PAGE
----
Charlie Kratovil, editor of New Brunswick Today, asked why the Board has yet to release the names of the members on the Long-Range Facilities Plan Committee that were appointed to review the plans for the replacement school.
González requested the names of the members through the Open Public Records Act (OPRA) on March 10, the Targum reported, and Board of Education Business Administrator Richard Jannarone told him at the time that the request could not be fulfilled until March 25 due to the COVID-19 crisis.
Yesterday, Jannarone said the request is still unfulfilled because it would require someone to go to the office. Kratovil asked why no one on the call could verbally provide the names of the members, especially since one of the Board members is on the committee.
"I also find it completely disingenuous that you would hide behind the crisis to not respond to (a) basic public records request," he said.
González said it was hard to believe the Board could not fulfill OPRA requests, yet could still convene for committee meetings to move forward with the sale of the school.
The contamination at the new school site was also discussed at the meeting. During his remarks at the start of the meeting, Spencer said the contamination at 50 Jersey Ave. is similar to contamination levels at all other New Brunswick schools prior to their construction.
Julienne LaChance, a doctoral candidate in the Department of Mechanical and Aerospace Engineering at Princeton University, said she reviewed the site comparison report on the Board of Education's website.
"This report goes on to describe the presence of radon and volatile organic compounds at 50 Jersey Ave., the brownfield designation and the additional requirement for long term groundwater monitoring, as well as other substantial problems which are non-existent at the current Lincoln Annex School," she said. "Can you expand upon this conclusion, then, that there exists similar environmental conditions between the two school (sites), given these disparities?"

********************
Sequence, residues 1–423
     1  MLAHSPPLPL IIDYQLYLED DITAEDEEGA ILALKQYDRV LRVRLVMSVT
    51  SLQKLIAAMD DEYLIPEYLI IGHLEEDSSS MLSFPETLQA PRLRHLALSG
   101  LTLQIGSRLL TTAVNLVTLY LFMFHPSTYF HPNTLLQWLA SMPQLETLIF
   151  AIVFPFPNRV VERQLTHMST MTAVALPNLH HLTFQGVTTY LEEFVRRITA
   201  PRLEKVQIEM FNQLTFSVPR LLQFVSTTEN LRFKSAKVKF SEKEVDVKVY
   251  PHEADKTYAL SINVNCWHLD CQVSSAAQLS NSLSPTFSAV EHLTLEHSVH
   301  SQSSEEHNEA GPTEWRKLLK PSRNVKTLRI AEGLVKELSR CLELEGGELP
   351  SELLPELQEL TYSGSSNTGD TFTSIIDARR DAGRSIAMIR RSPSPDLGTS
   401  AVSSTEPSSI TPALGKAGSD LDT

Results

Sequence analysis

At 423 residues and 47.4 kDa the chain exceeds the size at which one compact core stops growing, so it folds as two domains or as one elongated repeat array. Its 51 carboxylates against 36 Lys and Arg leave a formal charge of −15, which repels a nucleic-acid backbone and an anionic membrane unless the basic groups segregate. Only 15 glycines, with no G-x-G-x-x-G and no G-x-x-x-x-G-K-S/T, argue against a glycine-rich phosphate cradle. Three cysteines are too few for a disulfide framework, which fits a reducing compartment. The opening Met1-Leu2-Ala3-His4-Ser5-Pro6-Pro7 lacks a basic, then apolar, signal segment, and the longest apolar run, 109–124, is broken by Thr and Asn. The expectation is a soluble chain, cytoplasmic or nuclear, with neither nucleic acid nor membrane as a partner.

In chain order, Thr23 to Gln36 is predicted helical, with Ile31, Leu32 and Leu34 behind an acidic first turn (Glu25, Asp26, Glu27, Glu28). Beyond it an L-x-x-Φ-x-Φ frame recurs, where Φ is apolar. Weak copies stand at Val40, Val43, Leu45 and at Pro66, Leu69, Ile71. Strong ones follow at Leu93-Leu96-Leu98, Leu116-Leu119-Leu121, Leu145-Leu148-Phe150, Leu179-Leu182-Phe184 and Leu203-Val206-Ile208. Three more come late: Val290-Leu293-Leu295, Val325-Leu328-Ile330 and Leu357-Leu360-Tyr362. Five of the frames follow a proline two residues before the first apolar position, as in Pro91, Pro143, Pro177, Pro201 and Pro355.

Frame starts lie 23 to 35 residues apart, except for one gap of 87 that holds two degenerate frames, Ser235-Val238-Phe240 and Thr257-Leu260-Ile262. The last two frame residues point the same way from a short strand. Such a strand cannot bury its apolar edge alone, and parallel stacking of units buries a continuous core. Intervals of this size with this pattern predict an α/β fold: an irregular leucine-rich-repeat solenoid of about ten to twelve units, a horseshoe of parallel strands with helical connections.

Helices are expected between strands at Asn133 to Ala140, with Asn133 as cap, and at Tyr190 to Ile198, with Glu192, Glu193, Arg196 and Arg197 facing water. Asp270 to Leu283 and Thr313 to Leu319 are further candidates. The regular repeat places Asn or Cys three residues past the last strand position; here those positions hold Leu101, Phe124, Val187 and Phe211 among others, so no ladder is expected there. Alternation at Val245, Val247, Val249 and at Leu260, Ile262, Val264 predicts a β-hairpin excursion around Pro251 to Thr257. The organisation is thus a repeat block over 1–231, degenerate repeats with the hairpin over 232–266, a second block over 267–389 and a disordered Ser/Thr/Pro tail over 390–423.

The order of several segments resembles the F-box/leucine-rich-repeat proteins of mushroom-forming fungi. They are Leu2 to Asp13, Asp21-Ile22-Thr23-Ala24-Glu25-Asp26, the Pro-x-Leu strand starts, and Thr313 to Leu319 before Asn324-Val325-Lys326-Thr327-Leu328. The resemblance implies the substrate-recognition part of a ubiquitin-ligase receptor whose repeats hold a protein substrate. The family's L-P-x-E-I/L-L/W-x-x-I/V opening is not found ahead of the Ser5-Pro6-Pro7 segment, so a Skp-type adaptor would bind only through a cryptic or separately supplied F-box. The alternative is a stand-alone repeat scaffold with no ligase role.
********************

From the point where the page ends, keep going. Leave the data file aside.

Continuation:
Jannarone said the Board's engineers will be able to successfully decontaminate and install a vapor intrusion barrier, but LaChance said the site's contamination levels are worse than previous construction sites and does not believe it is safe for children.
In addition to potential risks to students' physical health, Fernández brought up mental health implications for displaced students. She said the COVID-19 pandemic is resulting in economic, physical and psychological hardship for many New Jerseyans, including New Brunswick families. Demolishing the Lincoln Annex School and moving its current students to a renovated warehouse while the new school is being built will cause further hardship, she said.
"Why is it a good policy to disrupt their lives? Their families are going hungry right now, their parents are out of work, family members are dying as a result of this virus, and you want to add to their burden?" Fernández said. "If you were not convinced before the pandemic that this was a bad idea, I would think that the illness, woe, mayhem and complete despair that we are currently experiencing might soften your hard hearts and persuade you that this is morally reprehensible."
González said the community supports building a new, improved school, but said the school must be built before the Lincoln Annex School is demolished.
"What people are opposed to is that you want to have (approximately) 700 children dislocated for three years for building this school. Let Robert Wood Johnson build the building first, and then move them over there and then (Robert Wood Johnson) can have Lincoln Annex if they want to," he said.